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ITE Transport and Logistics

Why St. Petersburg is your next transport & logistics market

St. Petersburg. Russia’s second city. The former Russian capital, sat proudly beside the Baltic Sea, is home to over five million people and enjoys an enviable status as the nation’s leading cultural centre. What’s more, according to a report from ICT Logistics, the city and surrounding region boasts a gross regional product of over $1.2 trillion.
Far from being a historical throwback to the days of Peter the Great, St. Petersburg continues to thrive as a hotbed of industrial activity and is a major transport and logistics hub. So why should you do business in one of Russia’s most dynamic cities?
A thriving transport & logistics sector
As of January 2015, 25,809 transport and logistics organisations operate out of St. Petersburg, with an annual turnover of $9.9 billion. Due to its strategic location, St. Petersburg is well served by motorways, airports and, of course, the Port of St. Petersburg. 
Transport and communications is one of the largest sectors of international investment in the city. 20% of all investments in St Petersburg in 2014 were made in this sector.
Due to its vital status, St. Petersburg is subject to huge levels of international investment – around $7.8 billion annually.
Geographic advantages
St. Petersburg was founded with the intention of giving Russia a Baltic Sea port that would not freeze during the winters. As such, it was almost purpose built to handle huge amounts of cargo every day of the year, regardless of weather conditions.
The Port of St. Petersburg allows exporters and importers access to Russia via the Baltic Sea, allowing trade across Scandinavia, Europe and beyond. Additionally, St. Petersburg is where a number of international trade corridors either begin or terminate. It will be an important destination on the developing Western Europe-Western China International Transit Corridor and the proposed North-South Corridor linking Russia to India.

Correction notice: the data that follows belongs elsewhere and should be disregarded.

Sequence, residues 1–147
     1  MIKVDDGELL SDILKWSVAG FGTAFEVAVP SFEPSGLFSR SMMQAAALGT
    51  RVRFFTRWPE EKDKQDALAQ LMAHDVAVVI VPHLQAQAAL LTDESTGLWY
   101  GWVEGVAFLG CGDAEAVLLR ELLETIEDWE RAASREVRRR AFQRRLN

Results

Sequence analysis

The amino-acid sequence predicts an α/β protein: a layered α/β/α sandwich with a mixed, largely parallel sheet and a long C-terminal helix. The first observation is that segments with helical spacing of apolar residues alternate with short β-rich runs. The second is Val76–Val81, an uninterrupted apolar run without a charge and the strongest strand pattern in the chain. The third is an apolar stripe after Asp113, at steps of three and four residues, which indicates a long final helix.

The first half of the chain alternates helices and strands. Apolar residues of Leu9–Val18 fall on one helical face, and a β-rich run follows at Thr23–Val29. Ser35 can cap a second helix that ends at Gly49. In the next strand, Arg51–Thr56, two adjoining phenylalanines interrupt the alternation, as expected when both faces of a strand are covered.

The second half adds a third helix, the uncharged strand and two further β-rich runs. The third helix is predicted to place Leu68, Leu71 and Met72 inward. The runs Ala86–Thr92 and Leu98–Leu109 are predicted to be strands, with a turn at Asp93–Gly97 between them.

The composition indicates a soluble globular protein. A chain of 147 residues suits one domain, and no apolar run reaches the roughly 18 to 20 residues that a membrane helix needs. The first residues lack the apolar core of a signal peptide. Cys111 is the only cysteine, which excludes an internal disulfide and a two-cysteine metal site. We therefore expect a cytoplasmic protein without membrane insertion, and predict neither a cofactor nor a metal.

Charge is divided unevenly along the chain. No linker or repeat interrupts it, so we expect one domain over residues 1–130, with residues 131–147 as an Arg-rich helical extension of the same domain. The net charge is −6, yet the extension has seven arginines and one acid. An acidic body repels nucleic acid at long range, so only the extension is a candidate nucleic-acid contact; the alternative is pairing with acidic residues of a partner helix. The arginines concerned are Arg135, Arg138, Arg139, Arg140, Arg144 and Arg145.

As such, St. Petersburg is an ideal base of operations for transport and logistics companies, linking, as it does, Russia to the entire world.
The Port of St. Petersburg: Russia’s biggest Baltic Sea freight facility
The Port of St. Petersburg is one of Russia’s busiest, with 20% of all cargo travelling to and from Russia passing through it. 
Port authorities are keen to ensure their facilities remain world class. Approximately $712,000 worth of investment was made in the first quarter of 2016 alone, which is four times the amount invested during the same period in 2015. 
51.5 million tonnes of cargo, the equivalent of 456,836 TEUs passed through the Port of St. Petersburg in 2015, making it not only Russia’s biggest Baltic cargo port but also the busiest on the Baltic Sea as a whole.
Pulkovo Airport: A major Russian air freight stop
Pulkovo airport is Russia’s third largest in terms of passenger turnover, and also acts as a major air freight centre. It is serviced by a 12,000 square metre cargo facility, which features 6,000 square metres of warehousing space, freight acceptance and delivery areas.
This is the largest such air freight handling complex in Russia’s North-Western region, and ranks in the top five Russian cargo terminals.